The third chapter (p. 71-126) is no doubt the most amusing part of the book to read, since Andreassi dishes out a long list of ancient jokes from the Philogelos, referring to similar motives in various and very diverse literary traditions. He is cautious, however, in assuming direct interdependence. It is about similar humoristic motives, and one can never be absolutely sure whether one author has actually read another one’s jokes (p. 81).
I now quote some of my favourite examples. “A man encountered an egghead and said: ‘The slave you have sold me has died.’ ‘By all the gods,’ said he, ‘When he was with me, he never did such thing'” (Philogelos 18). The story has a parallel in Cicero ( De orat. 2, 274: Quam diu ad aquas fuit, numquam est emortuus) as well as in an Irish joke: “An Irishman applied to a farmer for work. ‘I’ll have nothing to do with you,’ said the farmer, ‘for the last five Irishmen I had all died on my hands’. Quoth Pat, ‘Sure, sir, I can bring you characters from half a dozen gentlemen I’ve worked for that I never did such a thing'”.
“An egghead wanted to go to sleep. Since he didn’t have a pillow, he ordered his slave to bring a terracotta vase. When the slave said that such a vase was hard, the egghead ordered that it be filled with feathers” (Philogelos 21). Again, parallels can be traced down from ancient authors (Eustathius, In Od. 10, 552 p. 1669, 55 and Suetonius, Blasph. 7, s.v. Mammakuthos, Amphietides, Meletides) as well as from an Irish joke: “McCall and Linehan, two beggars, were making camp for the night. ‘Yerra, man, what do ya want with that length o drainpipe you’re carryin’?’ asked McCall. ‘I’m goin’ to use it for a pillow’, said Linehan. ‘That’d be as hard as hell.’ ‘It’s a fool you take me for? I’m goin’ to stuff it with straw first'”.
The humour of Philogelos 98 sounds familiar to modern ears. “A friend met an egghead and said to him: ‘Congratulations on the birth of your child’. To which he replied: ‘I owe that to you, my friends'”. The same pun occurs in Arabic jokes from the 11th century, is mentioned by Freud and is found in a Syriac collection of laughable stories by bar-Hebraeus: “To another man a son was born, and when his neighbours came to congratulate him he thanked them, and said: ‘He cometh from God and from you.'”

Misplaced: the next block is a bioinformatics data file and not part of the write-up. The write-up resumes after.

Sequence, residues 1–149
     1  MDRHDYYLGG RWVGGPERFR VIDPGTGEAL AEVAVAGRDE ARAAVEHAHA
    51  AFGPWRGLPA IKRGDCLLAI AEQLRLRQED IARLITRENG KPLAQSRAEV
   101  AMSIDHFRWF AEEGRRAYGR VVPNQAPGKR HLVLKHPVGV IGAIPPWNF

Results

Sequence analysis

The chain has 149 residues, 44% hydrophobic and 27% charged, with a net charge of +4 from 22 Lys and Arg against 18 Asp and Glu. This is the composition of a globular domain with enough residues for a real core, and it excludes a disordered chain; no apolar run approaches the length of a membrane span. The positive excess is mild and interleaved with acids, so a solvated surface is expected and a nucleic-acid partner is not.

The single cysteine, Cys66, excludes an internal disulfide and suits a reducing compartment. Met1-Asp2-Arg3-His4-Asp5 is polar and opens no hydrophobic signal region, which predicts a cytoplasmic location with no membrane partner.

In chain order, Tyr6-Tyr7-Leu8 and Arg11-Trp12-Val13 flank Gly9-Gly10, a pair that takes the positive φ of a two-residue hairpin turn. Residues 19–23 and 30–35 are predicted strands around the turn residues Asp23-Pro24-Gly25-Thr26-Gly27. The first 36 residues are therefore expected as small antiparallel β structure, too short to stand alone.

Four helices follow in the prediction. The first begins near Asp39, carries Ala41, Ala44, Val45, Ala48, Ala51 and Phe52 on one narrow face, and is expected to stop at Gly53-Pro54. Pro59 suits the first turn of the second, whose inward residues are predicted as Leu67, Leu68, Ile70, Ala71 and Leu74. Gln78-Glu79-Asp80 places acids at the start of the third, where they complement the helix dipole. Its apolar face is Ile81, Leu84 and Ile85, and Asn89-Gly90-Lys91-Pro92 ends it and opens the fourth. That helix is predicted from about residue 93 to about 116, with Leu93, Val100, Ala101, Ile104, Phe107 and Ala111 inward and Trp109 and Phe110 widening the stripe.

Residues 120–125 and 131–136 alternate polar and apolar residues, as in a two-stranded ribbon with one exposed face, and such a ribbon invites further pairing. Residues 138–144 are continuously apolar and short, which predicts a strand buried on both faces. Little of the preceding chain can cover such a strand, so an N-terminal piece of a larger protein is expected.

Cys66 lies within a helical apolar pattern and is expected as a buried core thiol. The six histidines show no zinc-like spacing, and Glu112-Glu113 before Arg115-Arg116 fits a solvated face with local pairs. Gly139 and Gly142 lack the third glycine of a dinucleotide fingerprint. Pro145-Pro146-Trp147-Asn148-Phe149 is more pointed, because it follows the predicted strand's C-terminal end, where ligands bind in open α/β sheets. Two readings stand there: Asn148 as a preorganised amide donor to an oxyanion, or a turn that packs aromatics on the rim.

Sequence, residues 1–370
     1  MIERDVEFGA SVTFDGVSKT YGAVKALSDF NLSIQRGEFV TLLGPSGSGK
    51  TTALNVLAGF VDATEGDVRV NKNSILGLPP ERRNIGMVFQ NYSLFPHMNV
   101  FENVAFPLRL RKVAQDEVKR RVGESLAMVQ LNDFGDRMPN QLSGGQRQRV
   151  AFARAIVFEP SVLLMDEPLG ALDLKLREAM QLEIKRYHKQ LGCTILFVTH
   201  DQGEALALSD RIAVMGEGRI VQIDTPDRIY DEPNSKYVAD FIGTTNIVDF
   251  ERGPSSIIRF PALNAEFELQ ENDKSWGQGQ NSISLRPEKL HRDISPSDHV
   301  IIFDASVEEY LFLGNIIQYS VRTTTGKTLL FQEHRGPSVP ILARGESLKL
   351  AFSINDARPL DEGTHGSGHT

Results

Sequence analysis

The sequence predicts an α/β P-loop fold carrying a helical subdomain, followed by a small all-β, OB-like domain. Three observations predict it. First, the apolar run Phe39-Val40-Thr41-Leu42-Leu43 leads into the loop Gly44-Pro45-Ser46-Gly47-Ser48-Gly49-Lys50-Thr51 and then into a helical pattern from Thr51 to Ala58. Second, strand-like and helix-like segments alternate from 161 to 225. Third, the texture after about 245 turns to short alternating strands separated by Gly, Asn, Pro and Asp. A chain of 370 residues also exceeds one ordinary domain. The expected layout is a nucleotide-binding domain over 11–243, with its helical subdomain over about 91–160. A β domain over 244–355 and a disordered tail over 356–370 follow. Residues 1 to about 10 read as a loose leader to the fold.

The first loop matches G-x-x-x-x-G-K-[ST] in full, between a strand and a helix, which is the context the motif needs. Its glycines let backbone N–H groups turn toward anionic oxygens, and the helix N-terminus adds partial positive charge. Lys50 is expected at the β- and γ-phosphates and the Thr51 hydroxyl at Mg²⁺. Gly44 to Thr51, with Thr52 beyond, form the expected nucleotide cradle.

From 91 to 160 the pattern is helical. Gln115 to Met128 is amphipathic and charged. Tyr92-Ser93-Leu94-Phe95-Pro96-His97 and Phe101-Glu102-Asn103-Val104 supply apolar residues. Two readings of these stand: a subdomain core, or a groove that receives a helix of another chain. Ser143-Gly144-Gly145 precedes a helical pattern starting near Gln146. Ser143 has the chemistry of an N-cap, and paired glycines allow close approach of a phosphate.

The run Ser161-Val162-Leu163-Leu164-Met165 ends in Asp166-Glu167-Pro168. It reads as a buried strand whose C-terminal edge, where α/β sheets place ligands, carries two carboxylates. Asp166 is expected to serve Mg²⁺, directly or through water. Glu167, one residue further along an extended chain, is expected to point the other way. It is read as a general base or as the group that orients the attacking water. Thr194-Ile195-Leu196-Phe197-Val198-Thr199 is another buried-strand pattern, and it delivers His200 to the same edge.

In this way, Andreassi has aptly collected parallels for Philogelos 9, 11, 13, 15, 18, 21, 29, 33, 36, 41, 45, 49, 56, 96, 98, 112, 124, 140, 148, 193, 197, 206, 255 and 264.
The comprehensive bibliography is outstanding and very up to date (p. 127-142), and can thus be considered an excellent starting point for those wishing to embark upon the subject of ancient humour. Nevertheless, some titles on ancient political humour could have been included 4.
In her fundamental Bryn Mawr review (see note 2), Jennings concluded that “joking is indeed a serious matter”. The jokes from the Philogelos thus deserve closer attention. In what way were they part of the social process, as forms of rebellion or sources of pleasure? What do stereotypes in the jokes tell us about the ancient world? Can we reexamine the contents within their cultural milieu?
While this book is certainly not the long-awaited socio-cultural study on the Philogelos, it offers a good general introduction, a useful bibliography and a praiseworthy attempt to collect the dispersed information on the Nachleben of ancient jokes. As such, it may certainly be considered a success.
1. K. Hopkins, “Novel Evidence for Roman Slavery”, in Past & Present 138 (1993) pp. 3-27 is a wonderful socio-cultural study of this remarkable text.
3. J. Bremmer, “Jokes, Jokers and Jokebooks in Ancient Greek Culture”, in J. Bremmer and H. Roodenburg, A Cultural History of Humour. From Antiquity to the Present Day (Cambridge, 1997) p. 16.
4. R. Laurence & J. Paterson, Power and Laughter: Imperial Dicta, in Papers of the British School at Rome 67 (1999) pp. 183-197; T. Reekmans, “Non-verbal Jesting in Plutarch’s Lives”, in L. Van der Stockt (ed.), Plutarchea Lovaniensia. A Miscellany of Essays on Plutarch (Leuven, 1996) pp. 227-241; Id., “Notes on Verbal Humour in the Historia Augusta”, in Ancient Society 28 (1997) pp. 175-207; Id., “Notes on Non-Verbal Humour in the Historia Augusta”, in Ancient Society 32 (2002) pp. 315-336.